Monomoy Lacrosse Players Take Their Game Indoors

By: Kat Szmit

Topics: School Sports , Sports

Monomoy lacrosse player Connor Santoni fires a shot on goal during an indoor game in Plymouth on Sunday. Kat Szmit Photo

PLYMOUTH Sundays are typically a chance for most high school student athletes to kick back and chill. For members of the Monomoy boys lacrosse program, though, Sundays are a time to head to the Plymouth Sports Complex and get their game on.

For much of the winter, a number of players who will soon take to the turf at Monomoy High have been making almost weekly trips to Plymouth to compete against opponents from myriad locales, including the Cape and Islands. What inspires them to make the drive off-Cape so often? The chance to play a game they love, and get better at it in the process.

“It's a long drive,” said senior goalie Nick Malone. “It's one of those things, though, that you know you have to do if you want the team to get better, and the kids that have consistently been coming up here, you can see the improvements they've made throughout the year.”

Malone said his game has already improved thanks to the intensity of indoor lacrosse.

“I've learned that you get shot on a lot more in indoor lacrosse as a goalie, and it's way easier to get better when you average 40-50 shots a game,” he said.

Overseeing the team in their quest for improvement is Monomoy Superintendent Scott Carpenter, whose son, Rory, a Monomoy freshman, is a lacrosse enthusiast. Carpenter stepped into the role of supervisor when Rory and other Monomoy players were invited to be part of a mostly Nauset team several months ago.

“The parents asked if Monomoy could put together a team to play this winter,” Carpenter said, adding that he volunteered to be the adult on the sidelines “to give our boys a chance to play together, and to establish that we can field enough boys to stand on our own and not have to be part of the Nauset team.”

Though reluctant to call himself a coach, Carpenter does offer insights and suggestions during games and in weekly emails he sends to the players praising them for smart play and advising them on what to work on going forward.

“I'm a teacher at heart, and I think that being a superintendent in a central office at times leaves one lacking, as you don't have as much meaningful one-on-one time with students,” he said. “It's been a chance to get to know 20 boys, what they're strong at, where their areas of growth are, and it's been really great to see them grow over the past few months.”

Carpenter said he was first introduced to lacrosse when he was roughly his son's age.

“I lived outside of Baltimore where lacrosse is sort of a hotbed,” he said. “From a young age I had been around lacrosse and had played it myself in my youth. It was what I really enjoyed in my youth and it's been something that was very big in the community we used to live in off-Cape. We've been taking my son to lacrosse since he was in kindergarten.”

To ensure that the future of MRHS boys lacrosse is solid, the group making the trek to Plymouth each week includes seventh graders eager to improve their skills, as well as those who were on last year's squad, the majority of whom are underclassmen. Carpenter said he's seen promising progress this winter.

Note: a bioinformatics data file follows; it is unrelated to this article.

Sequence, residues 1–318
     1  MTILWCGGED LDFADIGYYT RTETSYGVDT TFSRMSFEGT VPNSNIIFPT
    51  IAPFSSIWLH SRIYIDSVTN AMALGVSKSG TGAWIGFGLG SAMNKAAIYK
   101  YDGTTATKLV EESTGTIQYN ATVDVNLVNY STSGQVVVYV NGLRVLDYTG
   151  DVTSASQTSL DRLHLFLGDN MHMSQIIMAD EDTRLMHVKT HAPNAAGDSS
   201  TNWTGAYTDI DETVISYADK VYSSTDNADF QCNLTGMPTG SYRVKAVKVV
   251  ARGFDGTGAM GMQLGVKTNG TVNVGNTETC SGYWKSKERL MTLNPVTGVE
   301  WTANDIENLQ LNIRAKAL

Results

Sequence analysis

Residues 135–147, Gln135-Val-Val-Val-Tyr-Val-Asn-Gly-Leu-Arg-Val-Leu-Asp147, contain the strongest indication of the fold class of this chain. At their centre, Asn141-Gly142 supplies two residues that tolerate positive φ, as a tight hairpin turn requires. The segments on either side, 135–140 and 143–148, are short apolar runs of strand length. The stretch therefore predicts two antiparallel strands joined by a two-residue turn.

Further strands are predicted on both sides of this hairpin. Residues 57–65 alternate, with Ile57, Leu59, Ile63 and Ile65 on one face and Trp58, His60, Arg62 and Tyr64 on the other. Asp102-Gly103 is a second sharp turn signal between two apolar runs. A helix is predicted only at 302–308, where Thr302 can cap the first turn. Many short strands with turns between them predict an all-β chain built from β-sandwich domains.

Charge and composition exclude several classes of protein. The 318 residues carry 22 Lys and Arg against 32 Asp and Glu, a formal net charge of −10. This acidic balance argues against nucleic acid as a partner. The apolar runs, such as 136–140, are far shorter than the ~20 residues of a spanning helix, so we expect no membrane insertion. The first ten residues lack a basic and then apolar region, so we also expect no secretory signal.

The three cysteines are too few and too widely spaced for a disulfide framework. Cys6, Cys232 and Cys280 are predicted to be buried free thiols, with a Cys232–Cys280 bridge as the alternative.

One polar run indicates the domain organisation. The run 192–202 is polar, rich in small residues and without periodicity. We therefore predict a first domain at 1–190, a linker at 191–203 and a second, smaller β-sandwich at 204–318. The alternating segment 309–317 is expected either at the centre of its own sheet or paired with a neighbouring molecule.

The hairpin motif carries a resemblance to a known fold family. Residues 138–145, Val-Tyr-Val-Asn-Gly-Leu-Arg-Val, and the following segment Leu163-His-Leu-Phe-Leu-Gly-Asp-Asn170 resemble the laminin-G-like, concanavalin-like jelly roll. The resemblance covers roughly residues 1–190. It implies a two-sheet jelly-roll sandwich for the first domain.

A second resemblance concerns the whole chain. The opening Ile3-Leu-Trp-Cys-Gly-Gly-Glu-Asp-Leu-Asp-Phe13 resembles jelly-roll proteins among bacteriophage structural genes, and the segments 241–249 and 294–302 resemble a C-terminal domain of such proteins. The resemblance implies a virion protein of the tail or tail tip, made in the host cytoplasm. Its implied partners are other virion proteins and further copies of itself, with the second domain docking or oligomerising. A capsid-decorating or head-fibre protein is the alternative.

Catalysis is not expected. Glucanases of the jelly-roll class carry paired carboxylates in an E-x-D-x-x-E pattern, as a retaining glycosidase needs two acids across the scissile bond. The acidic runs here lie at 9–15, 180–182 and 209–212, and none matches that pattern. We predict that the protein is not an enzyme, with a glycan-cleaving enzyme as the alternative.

“I think they've gelled as a team,” he said. “If I can have some role in helping this set of boys develop more camaraderie together, that's excellent. They're an absolutely fantastic group.”

Junior Connor Santoni is a lacrosse devotee and looks forward to the indoor games each week.

“It gives the team a chance to get together, play together, and get the chemistry we kind of didn't have the last two years,” Santoni said. “Having only our school is pretty good because now we can really learn. I think it's going to help us getting the chemistry down.”

Santoni said what is especially important about the winter program is that it allows new players to gain experience before the start of the season.

“Kids like Riley Demanche, he just started,” said Santoni. “He can play winter now so he doesn't have to delay his start until spring.”

Demanche concurs.

“It's helped me understand the rules better,” he said. “Before I knew the basics of lacrosse, but this has helped me understand the rules and the strategies better. It also helped me know my teammates better. [When the season starts] I'll be able to jump right in rather than catching up.”

Both Demanche and Santoni appreciate the game's quick tempo, the fast pace, the ability to score, and that it's just fun.

“There are so many different ways to play the game of lacrosse,” said Santoni.

Another strong player for the Monomoy team is freshman Elijah Beasley, who has been balancing the Plymouth games with his junior varsity basketball schedule. Because Beasley loves lacrosse, he wouldn't have it any other way.

“Lacrosse is my main sport, probably what I'm best at,” Beasley said. “With the season coming up, we're probably going to be playing a varsity schedule, so I just wanted to get prepared for that to be ahead of everyone or at the same level.”

For the most part, the Monomoy group has spent the winter playing teams comprised of players from various school programs, most recently a mix of Pembroke and Nantucket players. Carpenter said that having nearly all of Monomoy's team involved in the winter program will go a long way toward their success this spring.

“I think they're going to have a really strong team this year, and keep getting better,” he said. “There's a lot of youth there and I think we've got a lot of talent to make up for our youth.”

Come the spring season, Carpenter will hand the reins over to new Monomoy boys lacrosse coach Bill McCullough, who has deep roots in the lacrosse world.

“He'll bring a lot of experience,” said Carpenter.

Meanwhile, Santoni has a message for the doubters:

“Monomoy lacrosse is definitely on the come-up.”